Sex Offender Consequences: what are they?
Those convicted of Sexual Offences are punished in many different ways such as receiving a prison sentence, being required to sign the Sex Offender’s Register and be subject to rigorous, and often invasive monitoring. Services such as Probation and Offender Managers, are tasked with continually monitoring offenders, and encouraging them to engage with court appointed Agencies and/or restorative/rehabilitative programmes.
One of the most common ways is a custodial sentence, which is where the offender can serve between 5-7 years. The Ministry of Justice shows that 1 in 5 prisoners have been found guilty of sexual offences in the UK.
In the UK, HMP Stafford is a ‘Sex Offender only’ prison. The prison is focused on rehabilitating those for life on the outside and has a total population of 750 inmates. Governor Ralph Lubkowski of HMP Stafford states their programme aims to give offenders purpose and responsibility to decrease the likelihood of them reoffending when being released.
Sex Offender’s Register
From 1997, anyone cautioned or convicted for a sexual offence under the Sexual Offences Act will be put on the Sex Offender’s Register. This can be by committing a physical act for example committing an unwanted and non-consensual sexual act on a person, or it can be an act committed over the internet, e.g. watching child pornography.
How long an offender is on the Sex Offender’s Register is discretionary to their sentence. If the offender is given a custodial sentence of more than 30 months, they are placed on the register indefinitely. If their sentence is between 6 – 30 months, then they remain on the register for 10 years. If the offender is under the age of 18, they will remain on the register for 5 years.
All offences under the Sexual Offences Act means the perpetrator must register with the police within 3 days of their conviction, 3 days of submitting a guilty plea in court or when they are released from prison.
When signing the sex offenders register, general information will need to be taken, for example, full name, address (if they do not have a fixed address, they will need to attend the police station every week), national insurance number, passport details and date of birth. Additional details which need to be provided are: The perpetrator must notify the police of all foreign travel; whether they are living with or staying with a person under the age of 18 for more than 12 hours; and certain credit card and bank account details.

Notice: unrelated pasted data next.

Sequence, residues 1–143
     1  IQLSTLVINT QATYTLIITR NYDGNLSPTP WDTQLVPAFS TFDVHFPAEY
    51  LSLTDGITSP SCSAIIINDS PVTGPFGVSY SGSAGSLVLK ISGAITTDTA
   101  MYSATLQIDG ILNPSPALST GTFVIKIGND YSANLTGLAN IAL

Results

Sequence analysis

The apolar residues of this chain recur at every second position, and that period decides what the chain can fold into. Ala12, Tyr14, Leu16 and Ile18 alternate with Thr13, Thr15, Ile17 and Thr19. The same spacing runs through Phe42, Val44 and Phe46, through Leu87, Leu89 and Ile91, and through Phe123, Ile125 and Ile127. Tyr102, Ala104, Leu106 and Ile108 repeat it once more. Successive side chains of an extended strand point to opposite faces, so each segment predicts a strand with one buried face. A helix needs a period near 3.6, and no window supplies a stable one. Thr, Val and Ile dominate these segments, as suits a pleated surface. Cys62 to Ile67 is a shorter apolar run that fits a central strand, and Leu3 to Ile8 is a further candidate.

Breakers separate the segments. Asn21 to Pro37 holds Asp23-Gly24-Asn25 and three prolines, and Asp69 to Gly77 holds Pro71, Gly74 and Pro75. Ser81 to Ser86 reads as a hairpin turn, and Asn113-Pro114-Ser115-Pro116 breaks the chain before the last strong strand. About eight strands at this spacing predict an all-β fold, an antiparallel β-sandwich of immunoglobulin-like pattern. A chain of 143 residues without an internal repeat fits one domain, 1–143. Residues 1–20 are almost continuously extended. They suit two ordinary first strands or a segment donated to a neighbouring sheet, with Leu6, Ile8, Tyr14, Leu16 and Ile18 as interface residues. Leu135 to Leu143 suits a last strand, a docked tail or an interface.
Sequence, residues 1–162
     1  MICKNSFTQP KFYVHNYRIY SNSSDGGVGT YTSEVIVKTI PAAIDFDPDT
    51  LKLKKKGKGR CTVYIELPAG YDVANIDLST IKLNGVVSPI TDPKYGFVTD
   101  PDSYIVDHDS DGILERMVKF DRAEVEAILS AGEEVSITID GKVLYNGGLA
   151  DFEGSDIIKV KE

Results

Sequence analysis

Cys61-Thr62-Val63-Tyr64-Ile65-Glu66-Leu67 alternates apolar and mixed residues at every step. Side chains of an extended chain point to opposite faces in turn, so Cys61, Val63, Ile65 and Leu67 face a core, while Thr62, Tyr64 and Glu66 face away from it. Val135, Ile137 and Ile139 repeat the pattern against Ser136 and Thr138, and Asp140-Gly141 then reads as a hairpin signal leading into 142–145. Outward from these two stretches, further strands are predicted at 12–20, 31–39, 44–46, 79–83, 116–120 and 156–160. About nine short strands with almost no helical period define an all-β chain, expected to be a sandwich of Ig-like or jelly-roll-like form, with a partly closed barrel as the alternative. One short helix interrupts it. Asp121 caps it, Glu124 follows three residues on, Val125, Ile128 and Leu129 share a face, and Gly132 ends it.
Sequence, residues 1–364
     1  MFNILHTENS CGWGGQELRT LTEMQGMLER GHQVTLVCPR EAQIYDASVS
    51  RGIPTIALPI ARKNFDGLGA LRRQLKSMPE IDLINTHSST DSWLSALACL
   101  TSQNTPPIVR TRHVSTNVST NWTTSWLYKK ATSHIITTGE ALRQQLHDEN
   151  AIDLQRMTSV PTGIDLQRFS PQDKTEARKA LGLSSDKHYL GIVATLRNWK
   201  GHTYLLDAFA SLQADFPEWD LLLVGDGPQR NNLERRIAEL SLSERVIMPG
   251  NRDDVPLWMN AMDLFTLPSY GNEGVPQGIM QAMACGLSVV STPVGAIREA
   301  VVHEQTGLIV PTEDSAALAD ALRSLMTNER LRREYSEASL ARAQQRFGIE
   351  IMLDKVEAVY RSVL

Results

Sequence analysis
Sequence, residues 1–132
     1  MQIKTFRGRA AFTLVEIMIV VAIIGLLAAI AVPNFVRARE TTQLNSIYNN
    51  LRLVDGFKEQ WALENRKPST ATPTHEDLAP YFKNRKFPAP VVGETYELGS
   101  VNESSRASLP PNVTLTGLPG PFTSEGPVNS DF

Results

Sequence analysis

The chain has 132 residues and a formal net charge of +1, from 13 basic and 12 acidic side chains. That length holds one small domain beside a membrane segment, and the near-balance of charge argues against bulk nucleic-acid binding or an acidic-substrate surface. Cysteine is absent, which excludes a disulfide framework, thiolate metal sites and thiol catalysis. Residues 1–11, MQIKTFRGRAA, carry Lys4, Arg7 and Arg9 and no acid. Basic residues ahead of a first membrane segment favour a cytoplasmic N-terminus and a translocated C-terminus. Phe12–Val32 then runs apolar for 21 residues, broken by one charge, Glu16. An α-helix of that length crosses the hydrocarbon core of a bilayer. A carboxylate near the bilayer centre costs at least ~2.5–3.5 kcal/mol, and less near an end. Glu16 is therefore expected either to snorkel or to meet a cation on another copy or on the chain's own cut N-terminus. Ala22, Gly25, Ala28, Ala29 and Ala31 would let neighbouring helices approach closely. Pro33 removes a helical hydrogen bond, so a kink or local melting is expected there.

Those on the Sex Offenders Register are required to go to the police station on a regular basis to state they are complying with the Sex Offenders Register regulations. This is done by signing a document. Failure to do any of the above can result in the perpetrator being charged with a criminal offence.
Sexual Harm Prevention Order (SHPO)
A Sexual Harm Prevention Order can be requested by the police or by a court when there are significant and specified concerns regarding an individual. The order is used to prevent someone engaging in a particular activity. An offender who has been convicted of accessing sexual images of children is more than likely going to be subject to this.
Below are some of the restrictions set out by the order:
- Unable to go to a place where it is likely there will be a large number of children, for example a playground or park
- No unsupervised contact with children under the age of 18
- Unable to delete their internet history
- Unable to use the internet without having installed computer monitoring software
Whilst under the Sexual Harm Prevention Order, the police are able to conduct unannounced visits to the offender’s house in order to make sure they are complying with the order.
Similar to Megan’s Law in the United States, Sarah’s Law is a disclosure scheme across England and Wales which allows people to formally ask the police about people they are concerned about, who has access to their child, if they have any child sexual offences.
The request will be dealt with by a case officer and usually takes around 45 days. When the police have investigated the person/people of concern, they will confidentially reveal those details to the person who is most able to protect that child if it is in the interest of the child to do so, for example, a parent, guardian or carer.
Sarah Payne was a 9-year-old girl who was abducted, sexually attacked and then murdered. Roy Whiting was found guilty in December 2001 and is serving a minimum term of 40 years at HMP Wakefield. Sara Payne, her mother, campaigned using the media to influence Parliament to bring Sarah’s Law into place. After 8 years of campaigning, 4 police forces introduced the disclosure scheme and, on the 4th April 2011, all police forces across England and Wales implemented the scheme.
- Social Services will become involved if someone is being investigated for sexual offences against children and they have access to children under the age of 18 within their family or social circles (this can be their child/niece/nephew etc)
- Family and friends may turn against the offender due to the nature of their crimes
- The media may publicise the offender’s case depending on the severity of it, for example Rolf Harris who was a popular TV presenter in the 1970s and 1980s
- Potential loss of job
- Under no circumstance will a Sex Offender be able to work with children
- Consequences could be afforded to relatives of convicted sex offenders e.g. social isolation, employment etc.
- People living at the same address as the offender could be impacted through having a DBS check as it will make the employer aware they live with a sex offender